Originally published by The Hill
New York's attorney general is again asking a district court to block the Trump administration's "public charge" rule just days after the Supreme Court denied her emergency request amid the coronavirus pandemic.
On Tuesday night, state Attorney General Letitia James (D) filed for a preliminary injunction in the U.S. District Court for the Southern District of New York against the rule, which critics say amounts to a wealth test for immigrants hoping to gain legal status in the U.S.
“Unlike the Public Charge Rule, this disease does not discriminate — infecting both citizens and non-citizens alike,” James said in a statement. “As our state and nation continue to suffer the devastating effects of COVID-19, it has become more and more clear that the Trump Administration’s Public Charge Rule will only further exacerbate the problem and punish New York and other immigrant-rich states by denying many the ability to obtain health care."
Earlier this year, the Supreme Court denied petitions to temporarily block the rule while legal challenges played out in federal appeals court. James and her counterparts from Vermont and Connecticut filed an emergency motion earlier this month, asking the court to reconsider its decision in light of the outbreak.
The court denied their motion last Friday but said that the plaintiffs could seek relief from the district court.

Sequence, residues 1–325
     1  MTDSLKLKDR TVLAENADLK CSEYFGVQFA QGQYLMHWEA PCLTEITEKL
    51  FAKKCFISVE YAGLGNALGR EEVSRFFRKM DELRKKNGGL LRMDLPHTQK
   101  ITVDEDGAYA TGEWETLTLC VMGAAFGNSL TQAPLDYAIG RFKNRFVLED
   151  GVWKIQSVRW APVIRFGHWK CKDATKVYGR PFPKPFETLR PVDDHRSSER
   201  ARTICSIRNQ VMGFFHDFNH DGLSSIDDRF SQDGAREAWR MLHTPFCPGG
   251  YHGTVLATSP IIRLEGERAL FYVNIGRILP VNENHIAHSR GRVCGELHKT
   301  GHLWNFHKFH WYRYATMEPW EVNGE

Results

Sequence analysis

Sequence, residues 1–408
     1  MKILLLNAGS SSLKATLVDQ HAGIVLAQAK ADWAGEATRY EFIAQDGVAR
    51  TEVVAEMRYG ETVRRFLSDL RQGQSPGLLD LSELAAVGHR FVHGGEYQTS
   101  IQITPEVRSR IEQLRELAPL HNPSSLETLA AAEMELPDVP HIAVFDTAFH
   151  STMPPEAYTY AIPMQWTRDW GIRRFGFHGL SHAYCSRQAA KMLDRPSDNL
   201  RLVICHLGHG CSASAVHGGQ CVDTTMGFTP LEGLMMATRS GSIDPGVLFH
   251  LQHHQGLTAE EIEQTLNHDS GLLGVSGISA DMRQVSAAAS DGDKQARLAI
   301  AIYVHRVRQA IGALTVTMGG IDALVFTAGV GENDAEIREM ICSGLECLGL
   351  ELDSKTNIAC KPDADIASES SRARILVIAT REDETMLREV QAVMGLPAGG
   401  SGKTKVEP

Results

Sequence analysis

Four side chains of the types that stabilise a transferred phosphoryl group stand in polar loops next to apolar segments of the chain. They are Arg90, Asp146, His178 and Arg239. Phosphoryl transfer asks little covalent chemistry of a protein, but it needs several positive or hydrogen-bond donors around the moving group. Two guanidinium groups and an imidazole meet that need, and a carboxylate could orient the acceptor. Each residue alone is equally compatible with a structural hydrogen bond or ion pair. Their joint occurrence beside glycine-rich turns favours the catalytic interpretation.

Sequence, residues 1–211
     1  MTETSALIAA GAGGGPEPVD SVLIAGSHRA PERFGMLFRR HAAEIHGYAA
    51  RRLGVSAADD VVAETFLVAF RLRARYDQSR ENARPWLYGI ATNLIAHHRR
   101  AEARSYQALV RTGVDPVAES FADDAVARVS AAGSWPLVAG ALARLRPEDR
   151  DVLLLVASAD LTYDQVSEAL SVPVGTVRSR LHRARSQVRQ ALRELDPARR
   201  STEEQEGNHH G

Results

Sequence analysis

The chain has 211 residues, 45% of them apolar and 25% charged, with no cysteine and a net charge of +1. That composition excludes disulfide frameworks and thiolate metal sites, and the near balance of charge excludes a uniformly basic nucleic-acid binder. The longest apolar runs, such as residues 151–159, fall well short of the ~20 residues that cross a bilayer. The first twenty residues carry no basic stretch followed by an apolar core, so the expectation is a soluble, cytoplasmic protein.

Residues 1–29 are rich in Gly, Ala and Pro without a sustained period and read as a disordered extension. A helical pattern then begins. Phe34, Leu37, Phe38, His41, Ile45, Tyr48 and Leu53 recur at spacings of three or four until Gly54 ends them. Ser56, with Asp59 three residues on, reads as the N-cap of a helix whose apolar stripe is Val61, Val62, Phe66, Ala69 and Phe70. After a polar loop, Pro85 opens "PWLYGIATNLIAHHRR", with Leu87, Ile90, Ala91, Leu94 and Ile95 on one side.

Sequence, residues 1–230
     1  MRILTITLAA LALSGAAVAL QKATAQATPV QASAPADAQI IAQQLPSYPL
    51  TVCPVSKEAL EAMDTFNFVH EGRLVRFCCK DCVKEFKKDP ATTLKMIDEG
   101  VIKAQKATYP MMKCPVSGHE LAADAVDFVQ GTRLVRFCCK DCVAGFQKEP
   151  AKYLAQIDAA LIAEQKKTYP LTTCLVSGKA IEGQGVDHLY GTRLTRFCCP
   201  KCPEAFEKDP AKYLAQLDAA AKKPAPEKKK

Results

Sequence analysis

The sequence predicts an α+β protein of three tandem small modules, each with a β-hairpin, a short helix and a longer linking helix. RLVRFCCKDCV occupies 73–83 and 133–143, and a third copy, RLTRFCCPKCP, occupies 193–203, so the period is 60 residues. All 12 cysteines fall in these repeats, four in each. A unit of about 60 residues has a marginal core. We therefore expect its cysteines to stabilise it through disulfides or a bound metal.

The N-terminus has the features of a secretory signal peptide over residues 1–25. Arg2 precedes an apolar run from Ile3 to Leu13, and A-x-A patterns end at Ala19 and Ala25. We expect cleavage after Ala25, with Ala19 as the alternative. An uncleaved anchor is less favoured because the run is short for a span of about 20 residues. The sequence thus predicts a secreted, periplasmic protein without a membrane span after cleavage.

The new rule makes it easier for noncitizens to be denied green cards if they rely on public assistance. It allows immigration authorities to consider applicants a "public charge" if they use benefits like food stamps or Medicare for 12 months in a three-year period.
Critics argue that the rule could exacerbate the current health crisis by discouraging noncitizens from seeking medical attention.
"By deterring immigrants from accessing publicly funded healthcare, including programs that would enable immigrants to obtain testing and treatment for COVID-19, the Rule makes it more likely that immigrants will suffer serious illness if infected," James wrote in her latest emergency petition. "In turn, those infected are likely to spread the virus inadvertently to others—a risk that is heightened because the essential workers who interact daily with the public are disproportionately immigrants."
The Justice Department has argued that an emergency injunction is unnecessary because the administration has decided not to consider immigrants' use of coronavirus-related public assistance in deciding whether they qualify as a public charge.